Your Skin Is Your Largest Organ Do Some Good For It

  • by admin
  • February 23 209

Skin care may be trendy these days, especially with beauty influencers on social media demoing everything from facial steaming to jade rolling. However, giving your skin some love has both cosmetic and medical benefits. It refers to the basic care and maintenance of your largest organ—your skin! It protects you from external pathogens and, as you may know, holds all of your internal organs in place (phew). And, just as you brush your teeth on a regular basis, your skin requires some attention to keep it functioning properly.

Taking Care Of It Internally

The basic thing is Feeding the inside, which consists of four basic components:

1. Proper nutrition

Maintain a simple, fresh, and unprocessed approach. That is the best dietary advice somebody can give. The simpler the food, the less processing it undergoes, and the fresher it is, the better it is for you. Fresh fruits and vegetables contain a wide range of nutrients that are essential for good health. Allow yourself the occasional processed, high-fat meal when you’re out to eat or have to attend a luncheon or whatever – but make sure you eat more natural foods than not. Keep your diet varied – try not to eat the same thing every day – try a new vegetable that you haven’t tried before.


2. Enough rest and relaxation

Don’t work yourself to death – it’s not worth it. Make sure you get enough sleep. Did you know that a study in England found that if you don’t get 8 hours of sleep per night, your IQ (intelligence) drops? Consider this: do you get more work done when you are well-rested? Can you concentrate more effectively if you’re not tired?  Spend some extra time resting and relaxing so that you can have more energy and concentration. If you get enough rest, you will find that you can complete more work in less time.


3. Adequate water intake

This is a critical issue. Most people (regardless of where they live) will consume approximately 3 litres of water per day, according to many medical texts. Our bodies only require water to function. If you do not drink at least this amount, your body will either not function properly (on some level) or will seek it elsewhere. This is known as dehydration. Dehydration manifests itself as dry lips, flaky skin, parched mouth, tongue cracks, and premature wrinkles. But please don’t go the other way. Water is necessary, but too much water means frequent trips to the toilet.


4. Sunlight and fresh air

Take a long, deep breath. The stuff of life is clean, fresh air. It should fill your lungs. A trip to the beach or the countryside may not sound enticing as part of a skincare regimen, but it is an important part of the “holistic” care required for overall health. By sunshine, It means sensible sunshine, by the way.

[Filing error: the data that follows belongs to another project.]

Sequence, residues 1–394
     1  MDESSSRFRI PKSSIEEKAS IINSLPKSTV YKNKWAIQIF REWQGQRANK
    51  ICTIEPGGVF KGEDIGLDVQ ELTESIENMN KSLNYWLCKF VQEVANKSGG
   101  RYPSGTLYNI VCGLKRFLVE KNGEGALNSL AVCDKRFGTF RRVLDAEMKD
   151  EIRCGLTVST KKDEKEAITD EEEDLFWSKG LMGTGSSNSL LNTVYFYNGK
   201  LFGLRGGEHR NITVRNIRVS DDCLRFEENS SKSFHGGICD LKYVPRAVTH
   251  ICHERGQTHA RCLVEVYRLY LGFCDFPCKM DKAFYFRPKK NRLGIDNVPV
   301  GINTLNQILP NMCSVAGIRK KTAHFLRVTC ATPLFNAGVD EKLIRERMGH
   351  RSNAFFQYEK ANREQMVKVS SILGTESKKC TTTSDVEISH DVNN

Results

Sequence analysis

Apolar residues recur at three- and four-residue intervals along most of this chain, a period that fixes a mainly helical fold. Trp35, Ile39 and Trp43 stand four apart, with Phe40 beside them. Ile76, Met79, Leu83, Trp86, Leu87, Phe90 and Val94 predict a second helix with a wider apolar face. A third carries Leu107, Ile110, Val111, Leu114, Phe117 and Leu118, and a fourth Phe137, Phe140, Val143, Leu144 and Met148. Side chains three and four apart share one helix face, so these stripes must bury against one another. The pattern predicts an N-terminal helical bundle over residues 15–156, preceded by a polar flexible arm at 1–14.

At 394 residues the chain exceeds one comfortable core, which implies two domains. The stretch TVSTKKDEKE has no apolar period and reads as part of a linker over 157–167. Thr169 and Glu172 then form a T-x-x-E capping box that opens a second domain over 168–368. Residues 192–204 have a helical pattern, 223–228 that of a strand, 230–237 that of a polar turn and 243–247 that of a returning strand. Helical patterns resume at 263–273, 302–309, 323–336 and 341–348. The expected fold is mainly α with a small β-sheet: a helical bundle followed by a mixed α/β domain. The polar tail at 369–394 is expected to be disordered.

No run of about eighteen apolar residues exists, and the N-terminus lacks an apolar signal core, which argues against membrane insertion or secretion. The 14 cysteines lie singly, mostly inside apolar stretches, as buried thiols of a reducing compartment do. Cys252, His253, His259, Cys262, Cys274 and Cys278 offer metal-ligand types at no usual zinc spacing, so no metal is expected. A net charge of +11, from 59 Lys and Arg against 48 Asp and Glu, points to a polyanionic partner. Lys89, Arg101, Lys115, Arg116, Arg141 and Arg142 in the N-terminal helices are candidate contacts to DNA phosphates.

The skin cells require the proper nutrients for proper development and growth. You can help your skin by using high-quality skin care products, but you must also support it from within. Only in this manner can you expect good results from skin care. Recognise that what happens on the inside, both physically and emotionally, does indeed manifest on the outside. Because the ageing you see in your skin is biological rather than chronological, it can be delayed or even reversed with a holistic, natural approach that includes an optimal diet, lifestyle, and product selection. Even in skin care, the old adage holds true: garbage in, garbage out!

External Skincare

Also there are three basic elements in external skin care as well:

1. Cleanse and condition the skin

2. Tone and hydrate

3. Moisturize and revitalise.

Cleansing the skin appears obvious; people think they know how to use soap – wrong (most likely)! This is one sure way to make your skin dry out faster. Most soaps remove the skin’s natural oils, alter the pH levels, and do nothing to remove dead skin layers, which can clog pores and cause blackheads. The skin produces oils and acids to help it function, protect it from moisture loss, and form a barrier. Please avoid using soap or detergent unless absolutely necessary.

Using a gentle exfoliator will remove dead skin cells, promoting better blood circulation and allowing your skin to breathe. But be wary of the term “scrub.”

The skin will then be hydrated and toned. After removing the dead skin layers with a specially formulated cleanser, it’s time to remove the residue, soothe the skin, and prepare the skin for a good feed of nutrients from the moisturiser.

Preparing the skin before applying moisturiser is analogous to preparing a surface to receive a new coat of paint. You wouldn’t just paint over a wall that hasn’t been cleaned and prepared for new paint, and the same is true for good skin care. You start by removing the old layer of paint, then apply a primer and finally, the top coat. If you already use a moisturiser, you’re on the right track.

But have you taken a look at the ingredients? Are they natural, or are there numbers and words on the label that you don’t recognise? If this is the case, consider that your body absorbs these substances, and if they are not useful (preferably natural), the body must eliminate them. In some cases, the body is unable to eliminate these substances and must instead store them. This is a potential issue that could lead to health problems in the future. Pure essential oils or herbal extracts are typically beneficial ingredients to include in skin care products.